Personal tools
You are here: Home News Press Releases 2009 Press Releases Report Challenges Charter School Civil Rights Policy

Report Challenges Charter School Civil Rights Policy

Date Published: November 12, 2009
"Equity Overlooked: Charter Schools and Civil Rights Policy," by Erica Frankenberg and Genevieve Siegel-Hawley examines the civil rights implications of the Obama administration's pro-charter school policies.
Related Documents

For Immediate Release

Contact: CRP office at (310) 267-5562;

Los Angeles — November 12, 2009 — A new civil rights report raises important issues about the Obama Administration's central emphasis on the rapid expansion of charter schools, pointing out that although there are outstanding and diverse charters, there is also a vacuum of civil rights policy shown in both previous research and current on-going studies.  The Civil Rights Project report, Equity Overlooked: Charter Schools and Civil Rights Policy, by Erica Frankenberg and Genevieve Siegel-Hawley, provides a much-needed overview of the origins of charter school policy; examines the failure of the Bush Administration to provide civil rights policies as charters rapidly expanded with federal and state aid; outlines state civil rights provisions, and highlights the lack of basic data in federal charter school statistics.  UCLA Professor and Civil Rights Project Co- director Gary Orfield commented, “Choice can be either a path toward real opportunity and equity or toward segregated and unequal education.  If charters are to be a central element in educational reform, then basic civil rights policies must be an integral element of the Obama policy.”  The CRP, a non-partisan national research center based at UCLA, will issue, next month, an analysis of the educational effects of charters and the detailed patterns of diversity and segregation across the nation.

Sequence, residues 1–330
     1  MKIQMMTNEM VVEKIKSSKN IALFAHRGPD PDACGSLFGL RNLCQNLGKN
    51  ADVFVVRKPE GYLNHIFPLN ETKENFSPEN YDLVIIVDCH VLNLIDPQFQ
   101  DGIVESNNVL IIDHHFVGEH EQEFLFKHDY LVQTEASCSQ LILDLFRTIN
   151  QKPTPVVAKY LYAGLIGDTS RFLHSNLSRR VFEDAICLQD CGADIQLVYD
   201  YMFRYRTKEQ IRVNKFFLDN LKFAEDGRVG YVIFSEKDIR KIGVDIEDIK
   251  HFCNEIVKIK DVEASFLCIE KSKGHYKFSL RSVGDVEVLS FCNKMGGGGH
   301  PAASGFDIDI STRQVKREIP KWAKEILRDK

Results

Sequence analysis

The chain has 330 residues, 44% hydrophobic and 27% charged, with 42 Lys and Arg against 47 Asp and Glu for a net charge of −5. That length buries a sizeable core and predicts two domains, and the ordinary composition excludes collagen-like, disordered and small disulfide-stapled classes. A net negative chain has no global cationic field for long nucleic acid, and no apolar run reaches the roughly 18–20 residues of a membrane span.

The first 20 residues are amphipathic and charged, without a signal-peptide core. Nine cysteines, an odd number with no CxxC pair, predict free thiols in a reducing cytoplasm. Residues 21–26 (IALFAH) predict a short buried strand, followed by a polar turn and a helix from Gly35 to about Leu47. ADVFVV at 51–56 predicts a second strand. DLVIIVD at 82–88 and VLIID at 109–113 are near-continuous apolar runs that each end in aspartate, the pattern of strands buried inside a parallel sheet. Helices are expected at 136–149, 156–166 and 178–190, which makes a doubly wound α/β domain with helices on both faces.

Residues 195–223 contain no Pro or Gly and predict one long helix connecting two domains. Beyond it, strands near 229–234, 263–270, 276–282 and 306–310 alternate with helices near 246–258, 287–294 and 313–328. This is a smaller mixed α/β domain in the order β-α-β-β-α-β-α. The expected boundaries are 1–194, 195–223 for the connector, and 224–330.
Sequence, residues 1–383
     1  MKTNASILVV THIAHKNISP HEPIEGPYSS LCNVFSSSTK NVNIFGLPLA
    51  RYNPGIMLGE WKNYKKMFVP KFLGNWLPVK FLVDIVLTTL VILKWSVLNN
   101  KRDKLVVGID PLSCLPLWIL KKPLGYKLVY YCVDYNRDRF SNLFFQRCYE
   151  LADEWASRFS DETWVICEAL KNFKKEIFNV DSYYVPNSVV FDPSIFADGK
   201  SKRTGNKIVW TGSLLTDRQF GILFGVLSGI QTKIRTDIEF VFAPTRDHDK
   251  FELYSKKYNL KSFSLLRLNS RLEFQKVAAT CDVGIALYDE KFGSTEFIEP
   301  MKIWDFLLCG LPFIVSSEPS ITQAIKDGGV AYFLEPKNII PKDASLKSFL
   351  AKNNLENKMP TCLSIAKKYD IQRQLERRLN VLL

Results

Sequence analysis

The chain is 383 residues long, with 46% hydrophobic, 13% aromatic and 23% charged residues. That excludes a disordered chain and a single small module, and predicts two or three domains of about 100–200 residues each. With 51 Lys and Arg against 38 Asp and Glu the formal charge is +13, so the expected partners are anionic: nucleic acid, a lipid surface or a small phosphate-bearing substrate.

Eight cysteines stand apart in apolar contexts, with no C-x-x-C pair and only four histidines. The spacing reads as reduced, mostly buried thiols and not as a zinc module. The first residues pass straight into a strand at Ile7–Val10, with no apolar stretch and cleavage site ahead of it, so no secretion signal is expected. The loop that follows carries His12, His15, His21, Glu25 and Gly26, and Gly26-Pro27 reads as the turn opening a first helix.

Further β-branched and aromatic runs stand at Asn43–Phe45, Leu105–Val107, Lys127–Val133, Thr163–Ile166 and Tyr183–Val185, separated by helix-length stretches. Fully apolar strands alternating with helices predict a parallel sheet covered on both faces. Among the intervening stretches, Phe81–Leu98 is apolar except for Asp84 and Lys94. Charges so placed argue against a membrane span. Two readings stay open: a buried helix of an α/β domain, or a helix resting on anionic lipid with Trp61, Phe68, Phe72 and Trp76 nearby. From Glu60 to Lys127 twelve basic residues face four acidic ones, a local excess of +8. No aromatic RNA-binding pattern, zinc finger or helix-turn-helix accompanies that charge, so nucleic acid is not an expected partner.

About The Civil Rights Project at UCLA

Founded in 1996 by former Harvard professors Gary Orfield and Christopher Edley Jr., the Civil Rights Project/Proyecto Derechos Civiles is now co-directed by Orfield and Patricia Gándara, professors at UCLA. Its mission is to create a new generation of research in social science and law, on the critical issues of civil rights and equal opportunity for racial and ethnic groups in the United States. It has commissioned more than 400 studies, published many books and issued numerous reports from authors at universities and research centers across the country. The Supreme Court, in its 2003 Grutter v. Bollinger decision upholding affirmative action, cited the Civil Rights Project's research.




Document Actions

Copyright © 2010 UC Regents